Something to Look At

Top Photo: Bumble bee takes nectar and transfers pollen in the process.

Here, I have a quick list of photos of what you might see on a walk around the outdoor trails here at the museum.

Last year we had at least three bald-faced hornet hives on the campus. One was in a dawn redwood tree over the boardwalk, another in a pine along one of the service roads, and the third was in a small maple hanging over Ellerbe Creek. The hive shown here is attached to a holly tree. It’s still in the making and only about eight inches across. The others were more than a foot across.

A work in progress, bald-faced hornet hive.

Copperheads are named for their coppery colored heads, finely illustrated in the next two photos.

Note coppery head of this snake.
A long lens was used for this photo.

Our current resident great blue heron seems to prefer its privacy. It typically stays on the far side of the wetlands during open hours.

Great blue heron keeping its distance.

Guided by telltale frass on the boardwalk through the wetlands we discovered a group of green-striped mapleworms feeding overhead on red maple. They feed gregariously. They’ll soon become very attractive rosy maple moths.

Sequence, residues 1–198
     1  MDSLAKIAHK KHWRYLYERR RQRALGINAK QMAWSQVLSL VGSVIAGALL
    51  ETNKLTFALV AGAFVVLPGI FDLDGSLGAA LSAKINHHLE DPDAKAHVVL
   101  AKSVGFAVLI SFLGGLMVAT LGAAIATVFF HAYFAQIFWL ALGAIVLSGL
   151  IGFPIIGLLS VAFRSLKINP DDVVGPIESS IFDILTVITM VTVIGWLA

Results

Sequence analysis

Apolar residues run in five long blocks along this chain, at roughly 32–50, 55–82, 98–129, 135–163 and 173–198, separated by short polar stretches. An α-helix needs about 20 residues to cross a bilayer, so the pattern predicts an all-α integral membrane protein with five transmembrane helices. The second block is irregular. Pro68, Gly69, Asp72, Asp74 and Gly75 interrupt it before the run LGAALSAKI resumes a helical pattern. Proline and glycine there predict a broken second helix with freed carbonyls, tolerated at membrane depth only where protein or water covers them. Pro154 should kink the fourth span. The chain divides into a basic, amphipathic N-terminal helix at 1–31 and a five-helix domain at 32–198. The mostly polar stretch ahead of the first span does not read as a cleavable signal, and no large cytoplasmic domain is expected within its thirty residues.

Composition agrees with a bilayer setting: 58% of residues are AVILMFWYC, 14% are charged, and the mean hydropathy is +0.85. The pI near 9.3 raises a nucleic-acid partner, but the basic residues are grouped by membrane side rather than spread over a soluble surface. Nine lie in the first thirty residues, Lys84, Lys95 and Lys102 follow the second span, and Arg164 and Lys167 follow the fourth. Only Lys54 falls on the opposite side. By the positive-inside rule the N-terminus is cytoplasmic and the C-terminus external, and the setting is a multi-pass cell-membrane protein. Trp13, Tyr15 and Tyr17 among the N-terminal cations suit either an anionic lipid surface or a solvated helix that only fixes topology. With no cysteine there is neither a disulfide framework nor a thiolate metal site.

Green-striped maple worm.
Red mark on posterior end of abdomen is distinctive.

Well known to most who try to grow vegetable, flower, or any other type of garden, Japanese beetles will skeletonize just about any plant leaves presented to them.

Japanese beetles eat flowers as well as leaves.
This beetle appears to be sipping water that has collected on a dogbane leaf.

It’s a bit early in the season to see large milkweed bugs, but one showed up on the milkweed in front of the Butterfly House. They’ve been reported to feed on bees, monarch larvae, dogbane beetles, and of course the leaves, stems, and seeds of milkweed. I’ve never seen them engaged with anything but plant material. They’re commonly seen on milkweed later in the season when the milkweed’s seed pods are produced.

They lay their eggs on the plant’s leaves. I usually see the nymphs on or around the seed pods in late summer or fall.

Early season large milkweed bug.

The spicebush swallowtail butterfly pictured here is somewhat worn. Its swallow “tails” are missing, there are tears in its wings, and many scales are missing.

A worn spicebush swallowtail.

And finally, nice weather brings out the turtles. Here, a bale of yellow-bellied sliders is joined by a common snapping turtle on two oft-used basking perches in the wetlands.

A common snapping turtle dwarfs its fellow basking yellow-bellied sliders.

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